Reviews

“In this sophisticated and nuanced narrative, past and present collide to shed light on a century-old murder. With its evocative sense of place and carefully-timed revelations, reading Hemlock Hollow feels akin to opening a treasure chest.”

Heather Bell Adams, Author of Maranatha Road and The Good Luck Stone

“This is the most fascinating novel I have read all year and is perfect for a bookclub discussion. I can’t recommend it highly enough as a page-turner that will stay with and haunt the reader.”

Nancy Pierce, The Southern Bookseller Review

“This book has ghosts, mystery, a journal from the 1800s, history, and a spot of romance – what more could I want from a book, right? How about top notch writing, unforgettable characters, and superb storytelling? Yep, Hemlock Hollow has it all and then some. This book is a definite MUST-READ!!”

A Bookish Way of Life

“A definite winner. In Culley Holderfield’s Hemlock Hollow, Caroline McAlister…praises personal history, finally wearing it like a charm, researching and recalling characters she cannot let go.”

Shelby Stephenson, poet laureate of North Carolina from 2015-2018 and author of More and Shelby’s Lady: The Hog Poems.


“Past and present, love and loss intertwine in a magical mountain hollow. Holderfield’s love of place shines in his sensitive descriptions while his story-telling enthralls the reader.”

Vicki Lane, author of And the Crows Took Their Eyes


 “The setting and characters come alive with Holderfield’s prose. This is how historical fiction should be written. The story is complex and has depth. The characters are rich. Add all that together and this book is an instant classic.”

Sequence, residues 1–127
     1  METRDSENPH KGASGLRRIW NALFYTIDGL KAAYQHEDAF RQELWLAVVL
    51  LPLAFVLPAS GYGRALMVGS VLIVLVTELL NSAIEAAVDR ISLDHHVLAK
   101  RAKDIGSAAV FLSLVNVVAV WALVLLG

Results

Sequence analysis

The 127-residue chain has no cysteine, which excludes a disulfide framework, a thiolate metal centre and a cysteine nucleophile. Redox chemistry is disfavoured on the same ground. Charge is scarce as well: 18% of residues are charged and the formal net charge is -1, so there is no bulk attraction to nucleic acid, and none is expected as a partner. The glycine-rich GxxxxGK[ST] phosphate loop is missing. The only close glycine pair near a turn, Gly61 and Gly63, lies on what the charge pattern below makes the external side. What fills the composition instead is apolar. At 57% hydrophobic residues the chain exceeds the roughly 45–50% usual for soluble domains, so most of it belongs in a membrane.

Kristen Gilligan, bookseller and former National Book Award judge

“When it comes to this astonishing book by Culley Holderfield, I got lucky. A good six and a half years before the rest of the world was invited into Hemlock Hollow, Culley Holderfield invited me to edit an early draft. As with all great writers who know the power of revision, Culley has transformed this book from the promising draft I saw into the rich mixture of past and present, love and grief, history and psychology, that you now have the opportunity to read.

Told firsthand by Caroline McAllister in the present day, and Carson Quinn in the late 1800s, Hemlock Hollow is both a murder mystery and a love letter to a secluded Appalachian hollow in North Carolina. An old rusted box and a boy’s journal give us insight into the small community where Caroline finds herself years after Carson’s death. Caroline, who cannot believe that someone who could love this hollow as she does could be a murderer, uses her investigative skills to widen the search for the truth buried in history. At the same time that she is working to resurrect Carson’s reputation, she is trying to resurrect her family cabin in Hemlock Hollow, discovering in the process that she may be able to resurrect herself as well, by letting go of a brittle sense of isolation and letting in the people who care about her.

With generosity to his characters and unflinching fidelity to the complexities of southern life, Culley Holderfield has created a book that weaves together natural and human history to arrive at a truer sense of the south than any we read in newspapers or history books.”

Mimi Herman, Kennedy Center Teaching Fellow, co-founder of Writeaways, and author of The Kudzu Queen

“Culley Holderfield’s complex and stirring depiction of Appalachia reflects the beating heart of the south. Mark Twain stated, ‘The difference between the almost right word and the right word is really a large matter- ’tis the difference between the lightning-bug and the lightning.’ Holderfield knows the difference. His masterful prose weaves a story that will stick with you and have you returning to wander the pages of this novel over and over again. No words are wasted yet he creates a rich environment, characters to care about (Carson is my personal favorite) and a story that is at once fresh and legend at the same time.”

Allie Coker, author of The Last Resort and What I Learned at Davidson